- The Second Great Awakening - origins and major ideas
- The Second Great Awakening - influence of the Market Revolution
- The Second Great Awakening - reform and religious movements
- The development of an American culture
- Antebellum communal experiments
- The early temperance movement - origins
- The early temperance movement - spread and temporary decline
- Women's labor
- Women's rights and the Seneca Falls Convention
- African Americans in the Early Republic
- The Cotton Kingdom
- The society of the South in the early republic
- Culture and reform in the early nineteenth century
The early temperance movement - origins
What started the temperance movement, which attempted to curb the consumption of alcohol in the United States? Becca discusses the temperance movement of the early 19th century.
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- This level of alcohol consumption must have had a very negative effect on productivity. Are there any statistical records that show this impact?(5 votes)
- I was very interested to hear Becca imply that many "artisans" were "drunk while working" and that this then became a problem when these same workers transitioned to wage-labor factory work. I doubt that "drunkenness" was so wide spread. I imagine rather that a "loud minority" of fervent religious persons promoted that story to push an agenda.(14 votes)
- Wow, does anyone know what the average consumption of alcohol was in that period?(3 votes)
- Someone awesome made an entire website over this:https://prohibition.osu.edu/brewing/consumption(4 votes)
- When she said that drunk factory workers where losing fingers, I thought that she was saying that they where being punished by the employers. And that got me thinking, where they (the drunkards) ever punished by the owners/ manages of the factories?(1 vote)
- Today there is lots of work safety regulation, to reduce injuries at work. At early 1800's, there was none or very little regulation.
Machinery was primitive and user safety was often not a priority for the designers. If the workers were not careful (maybe because they were drunk, or tired near the end of their 12-hour shift, or for whatever reason), they could lose fingers or in worst case their lives.
See e.g. https://en.wikipedia.org/wiki/Occupational_safety_and_health#History(5 votes)
- Was Emily Dickenson in the Temperance movement?(4 votes)
- At3:20would xenophobic be more, fitting, for lack of a better word, as xenophobia is an irrational fear of foreigners?(3 votes)
- Nativism is really a combination of anti-Catholic sentiment, xenophobia, and racism. As you'll learn later on, with the resurgence of nativism in the 1920s, America restricted immigration for everyone that was not "WASPs", or "white Anglo-Saxon Protestants".(3 votes)
- It seems that the Second Great Awakening influenced the temperance movement due to its sac-religious effects on humans. However, in attempting to make the work force and family life sober, riots broke out and a woman named Carrie Nation carried an ax into bars to smash the liquor supply. It seems that these riots and destruction of property don't exactly match up with the religious life that they tried to join. Is there something that I missed? Or is it really as crazy as it sounds?(2 votes)
- Okay. So, the world is a crazy place. Perhaps people like Carrie Nation thought that the short term effect of destroying the alcohol would be better than the long term effect of people drinking that alcohol. Hope that helps!(3 votes)
- As employees were losing fingers and perhaps incurring other types of injuries while at the workplace, is there evidence that employers were attempting to make their factories safer for their employees?(1 vote)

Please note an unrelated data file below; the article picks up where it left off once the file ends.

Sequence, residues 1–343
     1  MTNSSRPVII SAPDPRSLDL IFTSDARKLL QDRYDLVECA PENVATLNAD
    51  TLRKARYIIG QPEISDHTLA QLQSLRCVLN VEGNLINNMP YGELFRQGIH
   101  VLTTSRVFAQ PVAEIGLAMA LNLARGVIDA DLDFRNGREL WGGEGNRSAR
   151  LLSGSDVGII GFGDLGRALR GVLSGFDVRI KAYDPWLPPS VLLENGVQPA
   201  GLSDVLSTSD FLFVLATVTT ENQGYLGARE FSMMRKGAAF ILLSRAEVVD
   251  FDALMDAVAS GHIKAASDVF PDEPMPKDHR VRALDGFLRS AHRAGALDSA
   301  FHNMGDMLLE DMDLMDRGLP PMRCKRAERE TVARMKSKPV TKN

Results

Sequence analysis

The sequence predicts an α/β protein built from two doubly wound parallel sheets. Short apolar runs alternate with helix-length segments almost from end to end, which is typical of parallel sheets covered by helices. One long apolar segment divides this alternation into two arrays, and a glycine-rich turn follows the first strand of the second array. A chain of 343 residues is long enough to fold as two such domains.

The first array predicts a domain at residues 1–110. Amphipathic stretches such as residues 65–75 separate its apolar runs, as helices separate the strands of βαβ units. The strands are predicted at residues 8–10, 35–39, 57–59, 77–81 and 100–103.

- Many employers were more concerned about making money than they were about keeping their workers safe, especially at this time, when workers could be easily replaced by the immigrants pouring into America and desperate for work.(2 votes)
- is there any specific lesson for the industrial revolution if so where can i find it. Thanks(1 vote)
- You might look in the World History course. There's likely to be one over there.(2 votes)
- Were people drinking in works before the Industrial Revolution? Who pushed this movement?(1 vote)
- At0:20, Becca said something about drinking alcohol, does that mean there was a drunk test in the early 1800's?(1 vote)
- No, there was not. But the whole video is kind of about alcohol.(1 vote)
- [Voiceover] Hi, this is Becca from Khan Academy, and today I'm going to be talking about temperance. So, what was the temperance movement? In this video, I'll talk a little bit about what temperance was, what its causes were, and how it started to develop in the early-1800s. Temperance was the idea that Americans drank way too much alcohol and needed to temper their consumption. It started as kind of this idea that people should just drink a little bit less, they should drink less whiskey, less rum, less hard alcohol. And then, slowly, it started to take on this kind of prohibitory character. So, again, it was the idea that we just needed to temper our alcohol consumption. And so, how did the temperance movement take root? The temperance movement kinda has three main causes that I like to think about. So, the three main causes were the Second Great Awakening, the Industrial Revolution, and growing nativism and, frankly, racism that started as new immigrants were coming to America in the early-1800s. So, this was all kinda happening right around here, and so I'll talk a little bit more about each of these causes for the temperance movement and how it began. So, I'll start by talking about the Second Great Awakening. So, the Second Great Awakening was this time period in the early-1800s that focused a lot of social reforms around capturing moral good or Christian ideals so Christian ideals, here's the little cross, within our social institutions. So, this happened in education, in prisons, in the first women's rights movement. And so, this was all going on in the 1800s and it was about this idea that we needed to be good and moral people, and we needed our social institutions to reflect that. So, temperance can be seen as a part of the Second Great Awakening. And so, down here, you can kind of see the Second Great Awakening image here. This is the idea that the family was also intimately affected by people being too drunk. Here's the father and he's really drunk and things are kind of going to mayhem. People were just too drunk, and this was tearing apart lots of different institutions, including the family, including education, including the workplace. And so, that's a good transition to talking about the Industrial Revolution. So, the Industrial Revolution was also going on at this time period and people could no longer be drunk on the job, right? So, people used to be artisans. They used to just kind of sit in their home, make their shoes or sew something by hand, and they could be drunk while doing that. But now, if you're kind of in a factory setting, people were getting their fingers cut off by these new machines that were promoted in the Industrial Revolution because they were drunk while trying to operate the machinery. So, with this new industry, workers could no longer be drunk on the job. And so, the final cause is this nativism that people were seeing with new Catholic immigrants. So, there were Catholic immigrants coming into the country. And lots of Protestants were very anti-Catholic and anti-immigration. They decided that the Catholics were drunks. They did drink a lot, but it was definitely this kind of racist sentiment that was percolating within the Protestant community, and this kind of aligned itself with the Whig Party. So, the Whigs became more Protestant; they were really big temperance people. And the Catholics more aligned themselves with the Democrats. The sentiment towards these immigrant populations had this kind of political effect. So, at this time, temperance was starting to become more of a political movement and different social groups were taking this more seriously. There were some state-level organizations. It was just becoming more of a social phenomenon. In 1825, right over here, this really famous preacher, Lyman Beecher, did his six sermons on the sins of alcohol. And so, these sermons in 1825 solidified this idea in the American mind that it was anti-Christian to be a huge drinker, and this idea really took root. This is becoming kind of this larger social phenomenon and there start to be not just more state-level or community-level societies against drinking, you see the first ever national organization. So, the first national temperance society was in 1826, down here, with the American Temperance Society, so the ATS. And I'll talk more about the ATS and the kind of nationalization of the temperance movement in the next video.